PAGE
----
### What is GD, Batch GD, SGD, Mini-Batch GD?

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This algorithm is a general algorithm that is used for optimization and for providing the optimal solution for various problems. It takes parameters in an iterative way and makes the cost function as simple as possible.

1) Define a cost function, c(x).

2) Iterate to find the optimal solution using x1 , x2, x3, …xn.

3) Compare the current value of the cost function to the optimal value and make a decision as to whether to stop iterating or not.

4) If not stopping then go back to step 3 and iterate.

5) return the optimal solution.

Using a gradient descent (“like falling down a hill”) algorithm, this will measure the errors. But even though you’ll calculate the minimum, it won’t need to go to that extreme–you’ll hit the first plateau.

Also, you should keep in the mind that the size of the steps is very important for this algorithm, because if it’s very small – “meaning the rate of learning” is slow – it will take a long time to cover everything that it needs to.

But when the rate of learning is high, It will take short time to cover what’s needed, and it will provide an optimal solution.

At the end, you won’t always find that all cost functions are easy, as you can see, but you’ll also find irregular functions that make getting an optimal solution very difficult. This problem occurs when the local minimum and global minimum looks like they do in the following figure.

If you assign any to any two points on your curve, you’ll find that the segment of the line won’t join them on the same curve. This cost function will look like a bowl, which will occur if the features have many scales, as in the following image.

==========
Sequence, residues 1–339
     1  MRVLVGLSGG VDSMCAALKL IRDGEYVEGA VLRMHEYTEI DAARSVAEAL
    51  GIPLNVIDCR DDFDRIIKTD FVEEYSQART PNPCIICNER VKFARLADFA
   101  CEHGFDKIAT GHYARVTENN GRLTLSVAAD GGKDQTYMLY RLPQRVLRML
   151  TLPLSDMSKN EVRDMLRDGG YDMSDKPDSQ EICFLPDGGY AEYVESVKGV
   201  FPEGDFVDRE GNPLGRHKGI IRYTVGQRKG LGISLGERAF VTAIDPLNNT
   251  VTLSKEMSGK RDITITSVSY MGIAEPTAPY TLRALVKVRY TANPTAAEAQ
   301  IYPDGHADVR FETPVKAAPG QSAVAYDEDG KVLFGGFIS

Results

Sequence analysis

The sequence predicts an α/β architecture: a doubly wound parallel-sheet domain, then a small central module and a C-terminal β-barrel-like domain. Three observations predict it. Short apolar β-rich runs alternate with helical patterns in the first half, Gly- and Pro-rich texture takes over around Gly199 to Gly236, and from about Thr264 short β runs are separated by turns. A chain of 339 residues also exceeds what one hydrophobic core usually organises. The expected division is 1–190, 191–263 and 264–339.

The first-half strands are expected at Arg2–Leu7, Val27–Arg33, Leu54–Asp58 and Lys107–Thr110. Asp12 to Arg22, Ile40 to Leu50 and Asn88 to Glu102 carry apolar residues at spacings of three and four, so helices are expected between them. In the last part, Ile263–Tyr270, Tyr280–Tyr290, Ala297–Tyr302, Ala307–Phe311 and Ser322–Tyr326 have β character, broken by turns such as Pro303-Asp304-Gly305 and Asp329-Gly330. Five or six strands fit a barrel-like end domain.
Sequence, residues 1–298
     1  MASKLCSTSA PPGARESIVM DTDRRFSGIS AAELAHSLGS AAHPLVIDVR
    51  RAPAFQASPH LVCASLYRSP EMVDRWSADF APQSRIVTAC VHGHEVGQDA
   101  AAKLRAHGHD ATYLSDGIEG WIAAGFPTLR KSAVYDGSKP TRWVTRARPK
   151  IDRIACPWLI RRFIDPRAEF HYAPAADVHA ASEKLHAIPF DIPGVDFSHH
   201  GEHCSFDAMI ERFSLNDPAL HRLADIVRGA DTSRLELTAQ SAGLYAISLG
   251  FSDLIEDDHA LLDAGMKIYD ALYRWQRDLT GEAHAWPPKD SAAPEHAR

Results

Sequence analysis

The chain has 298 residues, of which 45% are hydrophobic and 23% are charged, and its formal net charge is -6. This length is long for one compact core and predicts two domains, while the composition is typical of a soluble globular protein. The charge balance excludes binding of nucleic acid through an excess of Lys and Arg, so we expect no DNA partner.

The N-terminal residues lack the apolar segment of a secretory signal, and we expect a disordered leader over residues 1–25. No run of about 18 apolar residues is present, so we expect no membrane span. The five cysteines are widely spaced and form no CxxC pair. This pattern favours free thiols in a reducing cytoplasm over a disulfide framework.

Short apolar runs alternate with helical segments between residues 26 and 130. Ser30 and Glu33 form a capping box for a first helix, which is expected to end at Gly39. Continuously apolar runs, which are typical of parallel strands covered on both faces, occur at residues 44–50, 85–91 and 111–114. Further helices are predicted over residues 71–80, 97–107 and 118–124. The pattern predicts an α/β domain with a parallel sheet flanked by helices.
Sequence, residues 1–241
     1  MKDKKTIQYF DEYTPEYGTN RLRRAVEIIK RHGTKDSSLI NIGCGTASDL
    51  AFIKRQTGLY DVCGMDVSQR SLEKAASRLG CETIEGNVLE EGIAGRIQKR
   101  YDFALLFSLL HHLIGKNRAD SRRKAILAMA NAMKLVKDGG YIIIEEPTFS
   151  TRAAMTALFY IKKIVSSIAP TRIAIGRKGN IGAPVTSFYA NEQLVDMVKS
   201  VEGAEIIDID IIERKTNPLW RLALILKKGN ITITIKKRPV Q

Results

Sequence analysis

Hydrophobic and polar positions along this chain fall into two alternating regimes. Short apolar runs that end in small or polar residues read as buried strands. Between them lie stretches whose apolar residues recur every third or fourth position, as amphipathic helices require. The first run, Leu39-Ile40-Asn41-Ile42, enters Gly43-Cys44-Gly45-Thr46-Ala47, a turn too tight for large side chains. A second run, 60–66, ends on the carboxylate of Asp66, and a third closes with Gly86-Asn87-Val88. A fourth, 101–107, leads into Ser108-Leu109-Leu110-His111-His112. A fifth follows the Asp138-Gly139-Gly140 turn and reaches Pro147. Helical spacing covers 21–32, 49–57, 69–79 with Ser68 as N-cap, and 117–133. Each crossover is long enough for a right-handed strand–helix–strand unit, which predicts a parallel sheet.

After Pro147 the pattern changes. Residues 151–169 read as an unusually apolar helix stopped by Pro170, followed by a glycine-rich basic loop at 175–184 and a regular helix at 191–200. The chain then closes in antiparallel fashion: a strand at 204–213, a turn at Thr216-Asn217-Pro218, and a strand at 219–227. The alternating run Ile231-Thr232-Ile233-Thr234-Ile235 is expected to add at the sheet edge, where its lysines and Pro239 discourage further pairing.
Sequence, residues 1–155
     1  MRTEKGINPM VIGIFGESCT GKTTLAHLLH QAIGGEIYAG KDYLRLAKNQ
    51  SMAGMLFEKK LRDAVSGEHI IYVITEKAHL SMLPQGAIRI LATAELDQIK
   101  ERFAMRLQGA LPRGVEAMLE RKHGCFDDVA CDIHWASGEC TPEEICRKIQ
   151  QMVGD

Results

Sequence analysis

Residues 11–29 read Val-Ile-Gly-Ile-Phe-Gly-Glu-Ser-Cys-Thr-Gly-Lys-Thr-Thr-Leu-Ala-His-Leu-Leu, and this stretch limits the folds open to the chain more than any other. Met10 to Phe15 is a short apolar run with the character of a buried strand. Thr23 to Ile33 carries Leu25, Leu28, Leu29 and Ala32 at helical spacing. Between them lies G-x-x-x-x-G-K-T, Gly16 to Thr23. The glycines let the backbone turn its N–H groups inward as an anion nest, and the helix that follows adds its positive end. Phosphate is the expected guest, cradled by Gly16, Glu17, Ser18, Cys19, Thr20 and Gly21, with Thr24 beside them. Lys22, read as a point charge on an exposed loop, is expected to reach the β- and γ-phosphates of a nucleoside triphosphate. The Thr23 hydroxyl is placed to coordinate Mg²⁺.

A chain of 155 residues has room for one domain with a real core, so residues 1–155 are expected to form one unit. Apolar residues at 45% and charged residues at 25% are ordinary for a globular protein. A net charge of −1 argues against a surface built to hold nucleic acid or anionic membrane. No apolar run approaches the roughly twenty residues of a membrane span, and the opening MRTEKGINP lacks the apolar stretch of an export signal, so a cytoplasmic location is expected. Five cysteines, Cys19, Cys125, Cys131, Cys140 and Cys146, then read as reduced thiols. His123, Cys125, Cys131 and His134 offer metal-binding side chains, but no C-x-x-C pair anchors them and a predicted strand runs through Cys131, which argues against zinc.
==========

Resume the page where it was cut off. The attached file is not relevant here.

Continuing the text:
To calculate the gradient of your cost function, you should first make sure that you have theta parameter inputted. If the value of the parameter has changed, you’ll need to know how it changes your cost function. What we can refer to as “change” could also be a derivative. It is sometimes calculated using the following equation:

But we`ll also use the following equation to calculate the partial derivatives and the gradient vector together.

Let’s implement the algorithm.

Lr = 1    # Lr for learning rate

Num_it = 1000    # number of iterations

L = 100

myTheta = np.random.randn (2,1)

for it in range(Num_it):

gr = 2/L * Value1.T.dot(Value1.dot(myTheta) – V2_y)

myTheta = myTheta – Lr * gr

>>> myTheta

Array([[num], [num]])

If you try to change the learning rate value, you’ll get different shapes, as in the following figure.

It can be difficult to know where to spend time training your model, especially if you’re not sure whether you have enough data for optimal performance. The only way to make sure the full training set is used for each step is by using batch gradient descent.

But when using the stochastic gradient descent, the algorithm will randomly choose an instance from your training set at each step and then calculate the values. In this way, the algorithm will tend to be faster than the batch gradient descent that needs to use all of the data at once, but it will not be as regular as batch methods would.

Let’s implement the algorithm.

Nums = 50

L1, L2 = 5, 50

Def lr_sc(s):

return L1 / (s + L2)

myTheta = np.random.randn(2,1)

for Num in range (Nums):

for l in range (f)

myIndex = np.random.randint(f)

V1_Xi = Value1[myIndex:myIndex+1]

V2_yi = V2_y[myIndex:myIndex+1]

gr = 2 * V1_xi.T.dot(V1_xi.dot(myTheta) – V2_yi)

Lr = lr_sc(Num * f + i)

myTheta = myTheta – Lr * gr

>>> myTheta

Array ([[num], [num]])